The Ghanaian Cedi has remained relatively stable in recent weeks following a strong recovery that resulted in the average interbank exchange rate (USD:GHS) dropping from a 2017 high of 4.6042 on March 08, 2017 to 4.2091 at the close of trading on Friday May 12, 2017. As well as dropping marginally against the Euro and Pound Sterling.
The overall performance of the Cedi is underpinned by the higher inflows from bond issues since the beginning of the year, with offshore investors accounting for 90 percent of the funds. As well as the positive response to monetary measures outlined in the 2017 budget.
The development if sustained could impact positively on interest payments, price of petroleum products, the cost of living and the stock market.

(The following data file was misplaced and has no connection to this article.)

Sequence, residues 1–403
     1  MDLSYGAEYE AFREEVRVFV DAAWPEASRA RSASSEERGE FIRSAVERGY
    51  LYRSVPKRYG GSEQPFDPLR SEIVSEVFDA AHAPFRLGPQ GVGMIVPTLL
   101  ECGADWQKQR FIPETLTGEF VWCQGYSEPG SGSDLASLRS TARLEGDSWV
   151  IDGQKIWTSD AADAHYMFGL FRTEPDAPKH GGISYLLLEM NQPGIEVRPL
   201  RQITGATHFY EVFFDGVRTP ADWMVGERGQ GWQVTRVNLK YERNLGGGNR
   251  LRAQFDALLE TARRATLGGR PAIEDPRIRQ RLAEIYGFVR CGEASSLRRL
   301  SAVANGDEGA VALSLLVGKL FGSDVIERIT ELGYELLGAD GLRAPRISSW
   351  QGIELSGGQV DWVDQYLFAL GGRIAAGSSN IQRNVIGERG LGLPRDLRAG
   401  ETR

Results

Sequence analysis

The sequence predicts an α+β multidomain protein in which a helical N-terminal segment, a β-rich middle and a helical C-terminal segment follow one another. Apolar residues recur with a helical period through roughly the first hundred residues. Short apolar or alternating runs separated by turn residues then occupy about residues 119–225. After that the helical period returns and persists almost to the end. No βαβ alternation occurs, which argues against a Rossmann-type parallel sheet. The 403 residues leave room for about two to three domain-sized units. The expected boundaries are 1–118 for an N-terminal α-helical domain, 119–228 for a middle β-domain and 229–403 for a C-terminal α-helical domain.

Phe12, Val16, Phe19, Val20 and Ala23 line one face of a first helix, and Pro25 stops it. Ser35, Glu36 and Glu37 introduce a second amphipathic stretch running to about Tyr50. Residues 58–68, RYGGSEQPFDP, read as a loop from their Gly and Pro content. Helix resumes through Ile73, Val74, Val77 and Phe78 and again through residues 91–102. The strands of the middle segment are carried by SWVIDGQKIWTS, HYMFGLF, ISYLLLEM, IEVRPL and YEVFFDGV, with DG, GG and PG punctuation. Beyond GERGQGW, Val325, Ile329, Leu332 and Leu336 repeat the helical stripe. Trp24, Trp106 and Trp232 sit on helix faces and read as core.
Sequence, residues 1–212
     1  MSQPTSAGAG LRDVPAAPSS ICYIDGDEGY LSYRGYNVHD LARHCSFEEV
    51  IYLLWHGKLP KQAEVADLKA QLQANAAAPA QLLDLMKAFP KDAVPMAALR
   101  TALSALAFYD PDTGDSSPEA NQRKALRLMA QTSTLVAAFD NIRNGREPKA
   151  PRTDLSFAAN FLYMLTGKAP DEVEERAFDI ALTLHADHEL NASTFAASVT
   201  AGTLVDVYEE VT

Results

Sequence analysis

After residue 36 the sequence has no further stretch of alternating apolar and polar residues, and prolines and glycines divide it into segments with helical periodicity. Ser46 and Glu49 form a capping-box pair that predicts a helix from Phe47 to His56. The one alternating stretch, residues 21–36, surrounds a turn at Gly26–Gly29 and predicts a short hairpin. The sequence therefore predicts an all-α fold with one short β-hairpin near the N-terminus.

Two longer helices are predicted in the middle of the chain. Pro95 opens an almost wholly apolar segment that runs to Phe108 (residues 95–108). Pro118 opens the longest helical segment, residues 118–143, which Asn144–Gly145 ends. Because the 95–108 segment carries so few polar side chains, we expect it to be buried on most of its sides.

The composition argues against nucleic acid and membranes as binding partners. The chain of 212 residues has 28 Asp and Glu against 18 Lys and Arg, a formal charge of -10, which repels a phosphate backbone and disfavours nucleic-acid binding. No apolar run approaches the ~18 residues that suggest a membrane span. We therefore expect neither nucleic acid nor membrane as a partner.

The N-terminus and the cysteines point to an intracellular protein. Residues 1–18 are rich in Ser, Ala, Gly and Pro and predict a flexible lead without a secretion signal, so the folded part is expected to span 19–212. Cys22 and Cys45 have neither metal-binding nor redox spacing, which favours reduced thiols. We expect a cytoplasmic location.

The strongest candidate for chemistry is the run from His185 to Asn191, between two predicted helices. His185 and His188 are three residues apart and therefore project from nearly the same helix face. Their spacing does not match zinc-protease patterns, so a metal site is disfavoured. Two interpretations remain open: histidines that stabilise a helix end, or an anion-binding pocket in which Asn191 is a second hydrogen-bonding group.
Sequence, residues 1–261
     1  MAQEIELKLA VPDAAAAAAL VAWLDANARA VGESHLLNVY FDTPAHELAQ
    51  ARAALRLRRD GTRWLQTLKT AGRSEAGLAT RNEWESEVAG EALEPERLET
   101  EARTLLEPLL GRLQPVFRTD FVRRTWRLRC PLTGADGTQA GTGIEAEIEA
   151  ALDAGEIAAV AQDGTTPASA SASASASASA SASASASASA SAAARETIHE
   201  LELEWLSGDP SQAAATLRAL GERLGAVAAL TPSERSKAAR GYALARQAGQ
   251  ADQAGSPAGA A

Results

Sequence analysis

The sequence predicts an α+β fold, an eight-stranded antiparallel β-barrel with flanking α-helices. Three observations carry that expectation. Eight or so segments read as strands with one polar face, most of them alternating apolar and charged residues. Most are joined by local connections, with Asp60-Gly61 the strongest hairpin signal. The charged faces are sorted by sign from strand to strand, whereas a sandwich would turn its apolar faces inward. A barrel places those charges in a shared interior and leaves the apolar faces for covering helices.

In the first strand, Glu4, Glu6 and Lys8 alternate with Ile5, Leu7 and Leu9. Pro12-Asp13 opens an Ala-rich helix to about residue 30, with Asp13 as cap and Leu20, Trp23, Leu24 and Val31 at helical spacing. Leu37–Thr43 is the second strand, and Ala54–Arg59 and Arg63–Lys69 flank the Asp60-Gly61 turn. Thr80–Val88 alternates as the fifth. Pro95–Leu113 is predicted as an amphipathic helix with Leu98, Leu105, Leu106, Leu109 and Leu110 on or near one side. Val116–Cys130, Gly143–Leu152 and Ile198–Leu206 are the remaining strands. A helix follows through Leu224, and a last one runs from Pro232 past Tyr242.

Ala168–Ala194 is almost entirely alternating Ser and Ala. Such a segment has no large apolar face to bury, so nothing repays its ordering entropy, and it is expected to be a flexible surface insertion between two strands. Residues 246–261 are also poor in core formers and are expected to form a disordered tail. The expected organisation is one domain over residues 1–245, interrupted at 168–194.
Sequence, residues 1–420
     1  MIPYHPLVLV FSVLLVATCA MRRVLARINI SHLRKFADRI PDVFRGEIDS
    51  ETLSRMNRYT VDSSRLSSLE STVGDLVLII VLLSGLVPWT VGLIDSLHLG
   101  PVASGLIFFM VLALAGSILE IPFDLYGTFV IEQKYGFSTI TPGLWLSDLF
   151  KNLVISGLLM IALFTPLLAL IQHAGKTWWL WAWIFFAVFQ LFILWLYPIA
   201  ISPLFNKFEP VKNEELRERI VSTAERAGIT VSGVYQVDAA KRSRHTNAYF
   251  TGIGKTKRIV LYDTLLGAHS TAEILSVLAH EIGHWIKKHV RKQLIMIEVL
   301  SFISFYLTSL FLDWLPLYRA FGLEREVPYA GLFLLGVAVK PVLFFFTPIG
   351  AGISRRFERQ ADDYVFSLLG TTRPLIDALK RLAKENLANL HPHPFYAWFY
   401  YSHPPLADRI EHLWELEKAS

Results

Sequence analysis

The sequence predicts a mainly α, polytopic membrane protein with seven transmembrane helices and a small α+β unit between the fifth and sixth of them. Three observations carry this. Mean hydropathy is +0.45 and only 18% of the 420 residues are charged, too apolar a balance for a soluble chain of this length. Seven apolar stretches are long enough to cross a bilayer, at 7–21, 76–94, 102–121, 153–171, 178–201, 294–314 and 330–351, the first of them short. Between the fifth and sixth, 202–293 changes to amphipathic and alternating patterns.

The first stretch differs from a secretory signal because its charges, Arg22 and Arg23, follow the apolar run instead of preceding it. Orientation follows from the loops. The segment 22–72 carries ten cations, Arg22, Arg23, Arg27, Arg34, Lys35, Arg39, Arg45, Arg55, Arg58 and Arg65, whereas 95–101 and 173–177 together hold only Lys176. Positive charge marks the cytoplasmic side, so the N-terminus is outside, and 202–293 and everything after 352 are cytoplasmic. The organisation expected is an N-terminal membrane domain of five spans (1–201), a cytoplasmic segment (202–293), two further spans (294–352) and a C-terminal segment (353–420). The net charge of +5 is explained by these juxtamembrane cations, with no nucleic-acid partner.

Listed companies such as Unilever and Fan Milk are exposed to FX risks via the significant importation of raw materials such as crude palm oil, sugar, milk, tea and packaging materials.
The stability of the Cedi could help to keep a tight lid on the company’s cost of imported raw materials stable, as well as the cost of goods sold. Improved management planning should boost gross profit in 2017.
However, while the company is undoubtedly set to make cost savings from the stability of the local currency, its overall costs could be influenced by other factors especially movement in the prices of raw materials.
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